Can Extra lessons Improve South Africa's Failing Education System?

27-Feb-2012 | News-Press Release

There can be no doubt that the South African education system is failing, but the question on everyone’s mind is “how can we change that”? The failure of the education system stems from various causes but the two main culprits are inequalities and the abuse of the education system.

 The historical roots of inequalities are still present and include aspects such as the different levels of schools, teachers and finances. Poverty plays a big role in education because in many poverty stricken areas children do not go to school, while others that do struggle to concentrate due to malnutrition. These learners have no access to proper tuition or private lessons. Whereas schools in affluent areas in South Africa have high quality education, better teachers and no problem with nutrition. Another benefit is many of these schools offer extra lessons which can improve a learner’s future drastically by ensuring the learners understand the work and achieve high marks.

 Lack of resources, lack of discipline and poor morale, policy implementation issues and inadequate parental involvement has led to learners and teachers taking advantage of the system. A number of well documented incidents of tardiness by teachers and learners in South Africa have highlighted this issue. These problems are aggravated by widespread incompetence and corruption within the Department of Education. This has rendered many schools ineffective and underfunded. In contrast, many aspiring learners in rural areas are unable to attend school because of access issues such as distance to the nearest school, the state or non-existence of roads and proximity to private property. 

South Africa needs to take immediate and drastic steps to improve the education system. This will require the whole country working together in an attempt to empower young people to improve the quality of their lives and ultimately to eradicate poverty. The obvious answer is parents need to take a greater interest in their children’s education. Parents and learners need to understand the importance of a solid education as the foundation for life. Extra lessons in general and private lessons in particular can be advantageous by providing one-on-one interaction that is absent in overcrowded class rooms. Despite this system proving hugely effective in countries like Japan, it is not practical or financially viable in South Africa.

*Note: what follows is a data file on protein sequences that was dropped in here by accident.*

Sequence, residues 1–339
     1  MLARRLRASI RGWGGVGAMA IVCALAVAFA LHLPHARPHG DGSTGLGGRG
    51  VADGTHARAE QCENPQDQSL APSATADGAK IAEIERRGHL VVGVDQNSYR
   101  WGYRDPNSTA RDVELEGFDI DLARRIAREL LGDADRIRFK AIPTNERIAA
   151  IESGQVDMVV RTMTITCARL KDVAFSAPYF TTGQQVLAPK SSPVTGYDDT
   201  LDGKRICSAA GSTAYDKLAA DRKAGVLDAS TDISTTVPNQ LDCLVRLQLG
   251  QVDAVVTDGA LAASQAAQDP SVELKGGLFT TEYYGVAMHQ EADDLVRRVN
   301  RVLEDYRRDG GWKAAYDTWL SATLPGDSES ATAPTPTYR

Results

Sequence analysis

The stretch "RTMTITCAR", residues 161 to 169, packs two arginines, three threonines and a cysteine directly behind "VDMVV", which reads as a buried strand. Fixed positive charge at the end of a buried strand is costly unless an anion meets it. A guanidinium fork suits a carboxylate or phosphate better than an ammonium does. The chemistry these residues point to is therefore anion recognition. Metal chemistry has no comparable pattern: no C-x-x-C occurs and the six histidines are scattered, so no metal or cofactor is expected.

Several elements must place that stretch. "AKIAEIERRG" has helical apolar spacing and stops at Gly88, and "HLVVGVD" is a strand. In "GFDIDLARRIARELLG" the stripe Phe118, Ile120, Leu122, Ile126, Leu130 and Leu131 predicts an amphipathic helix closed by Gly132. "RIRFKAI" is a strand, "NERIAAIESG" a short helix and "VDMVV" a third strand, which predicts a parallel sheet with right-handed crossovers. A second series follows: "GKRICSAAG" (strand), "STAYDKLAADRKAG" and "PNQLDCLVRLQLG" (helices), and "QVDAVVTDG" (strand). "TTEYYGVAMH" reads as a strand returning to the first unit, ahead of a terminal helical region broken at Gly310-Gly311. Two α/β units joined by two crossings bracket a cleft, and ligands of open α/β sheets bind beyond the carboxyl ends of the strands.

A more workable solution is private-public partnerships to secure adequate resources for infrastructure, salaries and equipment needed to improve the education system. However, for this to be effective, government needs to abandon its electioneering rhetoric and commit itself to a reform agenda that focuses on a sound conceptual framework, effective partnerships, adequate resourcing with evidence-led planning and monitoring playing a prominent role. 

The result of an efficient education system will gear the South African economy for growth by equipping learners with the skills needed to increase their potential and earning power. The United Nations (UN) identified universal education as the foundation on which many of the Millennium Development Goals are built.

 The UN says, “Education is development. It creates choices and opportunities for people, reduces the twin burdens of poverty and diseases, and gives a stronger voice in society. For nations it creates a dynamic workforce and well-informed citizens able to compete and cooperate globally – opening doors to economic and social prosperity.” Yes it will take hard work, but the hard work will yield exceptional results.   

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